North Korean authorities are again tightening control over the Sino-North Korean border following the emergence of smuggling in some regions amid rumors that cross-border trade will resume. The authorities have reportedly moved to implement a variety of measures to prevent smuggling and defections across the border.
A source in Yanggang Province told Daily NK earlier today that the authorities have increased the number of Ministry of State Security (MSS) officials in the border region recently. There has been a particular increase in MSS officials in areas where smuggling activities and “illegal border crossings” have occurred.
North Korean authorities locked down Samjiyon and Hyesan for 30 days following the arrest of two people who had smuggled Chinese-made condiments, sugar, and soybean oil in late January.
Even after the lockdown orders were lifted earlier this month, smuggling activities were discovered in Samjiyon and the authorities again handed down a lockdown order suspending all travel in the area. The authorities also locked down Hyesan, which is located in the same province as Samjiyon.
North Korean authorities handed down a similar one-month lockdown order in early March in Sakju, North Pyongan Province, following the discovery of a man who had secretly returned to North Korea from China in late February.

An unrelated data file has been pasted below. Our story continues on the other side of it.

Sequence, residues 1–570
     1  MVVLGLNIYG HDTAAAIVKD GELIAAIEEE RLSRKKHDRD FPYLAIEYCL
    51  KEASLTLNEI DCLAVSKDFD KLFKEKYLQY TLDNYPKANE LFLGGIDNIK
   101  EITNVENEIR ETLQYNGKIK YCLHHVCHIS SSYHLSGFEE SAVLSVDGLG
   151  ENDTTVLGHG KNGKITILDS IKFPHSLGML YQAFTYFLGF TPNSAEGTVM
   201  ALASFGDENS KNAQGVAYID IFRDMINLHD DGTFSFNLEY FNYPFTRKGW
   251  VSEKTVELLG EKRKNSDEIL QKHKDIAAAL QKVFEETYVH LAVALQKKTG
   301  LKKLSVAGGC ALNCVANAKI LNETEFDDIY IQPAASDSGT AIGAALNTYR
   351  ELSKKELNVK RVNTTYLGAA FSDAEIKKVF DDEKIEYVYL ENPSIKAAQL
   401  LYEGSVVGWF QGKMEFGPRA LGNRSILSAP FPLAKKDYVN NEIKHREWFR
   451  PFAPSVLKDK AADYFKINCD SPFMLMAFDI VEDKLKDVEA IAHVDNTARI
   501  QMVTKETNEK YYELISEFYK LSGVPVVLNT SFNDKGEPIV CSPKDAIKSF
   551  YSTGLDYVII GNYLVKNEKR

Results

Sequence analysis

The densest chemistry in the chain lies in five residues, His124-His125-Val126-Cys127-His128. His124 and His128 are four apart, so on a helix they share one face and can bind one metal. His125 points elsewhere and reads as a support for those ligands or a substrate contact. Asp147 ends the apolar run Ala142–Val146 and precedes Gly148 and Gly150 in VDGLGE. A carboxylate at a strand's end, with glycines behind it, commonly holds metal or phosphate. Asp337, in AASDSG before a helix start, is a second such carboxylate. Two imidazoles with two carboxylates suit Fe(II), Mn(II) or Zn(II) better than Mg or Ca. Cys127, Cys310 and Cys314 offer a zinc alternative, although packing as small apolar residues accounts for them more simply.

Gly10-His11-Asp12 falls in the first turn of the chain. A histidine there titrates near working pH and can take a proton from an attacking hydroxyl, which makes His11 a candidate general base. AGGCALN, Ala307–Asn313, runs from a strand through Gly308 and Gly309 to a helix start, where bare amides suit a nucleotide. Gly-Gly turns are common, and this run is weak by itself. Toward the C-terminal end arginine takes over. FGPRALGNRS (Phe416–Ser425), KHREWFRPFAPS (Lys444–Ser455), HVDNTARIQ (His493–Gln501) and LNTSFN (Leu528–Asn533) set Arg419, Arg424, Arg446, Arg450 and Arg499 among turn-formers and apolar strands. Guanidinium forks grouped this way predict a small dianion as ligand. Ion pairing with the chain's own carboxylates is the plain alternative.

Each time the authorities handed down a lockdown order, they explained to locals that the lockdowns were needed to prevent the spread of COVID-19; however, smuggling and illegal border crossings were the actual causes of the 30-day lockdowns.
The authorities appear to have increased the numbers of MSS officials in the border region to better monitor local activities following the recent string of defections and smuggling activities.
Daily NK understands that after an incident involving the defection of three people and the illegal entry of one person into the country in Daehongdan County, Yanggang Province, the authorities have significantly increased the number of officials monitoring locals on a 24-hour basis.
MSS officials in the border region have reportedly ordered inminban (neighborhood watch-like organizations) leaders to provide them with information about recent trends regarding locals. The order stems from the desire on the part of the authorities to strengthen monitoring of locals to prevent smuggling and defections.
Some locals have reportedly complained that conducting “full-time monitoring” of others is “too difficult” given that their economic lives have been heavily impacted by the closure of the Sino-North Korean border last year.
Given that the lockdown of the border continues, North Korean authorities are expected to continue to strengthen their ability to monitor locals in the area.